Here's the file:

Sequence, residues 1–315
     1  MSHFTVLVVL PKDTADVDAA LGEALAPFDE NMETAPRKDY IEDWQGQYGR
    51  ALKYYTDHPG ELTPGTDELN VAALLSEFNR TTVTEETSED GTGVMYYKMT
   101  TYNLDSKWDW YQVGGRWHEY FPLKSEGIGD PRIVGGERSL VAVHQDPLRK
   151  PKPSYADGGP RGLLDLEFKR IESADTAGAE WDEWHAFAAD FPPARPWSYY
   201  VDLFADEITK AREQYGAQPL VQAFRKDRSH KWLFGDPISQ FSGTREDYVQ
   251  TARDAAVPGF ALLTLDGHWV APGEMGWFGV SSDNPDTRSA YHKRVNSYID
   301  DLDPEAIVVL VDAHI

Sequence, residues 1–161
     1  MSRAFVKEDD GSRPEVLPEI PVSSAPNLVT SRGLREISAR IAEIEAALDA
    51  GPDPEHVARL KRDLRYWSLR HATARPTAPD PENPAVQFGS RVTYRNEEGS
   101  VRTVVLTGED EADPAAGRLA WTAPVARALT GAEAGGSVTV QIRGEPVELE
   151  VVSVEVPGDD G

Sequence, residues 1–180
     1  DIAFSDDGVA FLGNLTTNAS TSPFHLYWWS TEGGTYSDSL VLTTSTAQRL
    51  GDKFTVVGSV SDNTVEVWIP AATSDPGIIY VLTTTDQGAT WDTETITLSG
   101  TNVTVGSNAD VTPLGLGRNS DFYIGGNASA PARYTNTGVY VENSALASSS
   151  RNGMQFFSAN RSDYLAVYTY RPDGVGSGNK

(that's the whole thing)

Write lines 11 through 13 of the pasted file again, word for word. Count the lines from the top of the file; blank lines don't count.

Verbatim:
    51  GPDPEHVARL KRDLRYWSLR HATARPTAPD PENPAVQFGS RVTYRNEEGS
   101  VRTVVLTGED EADPAAGRLA WTAPVARALT GAEAGGSVTV QIRGEPVELE
   151  VVSVEVPGDD G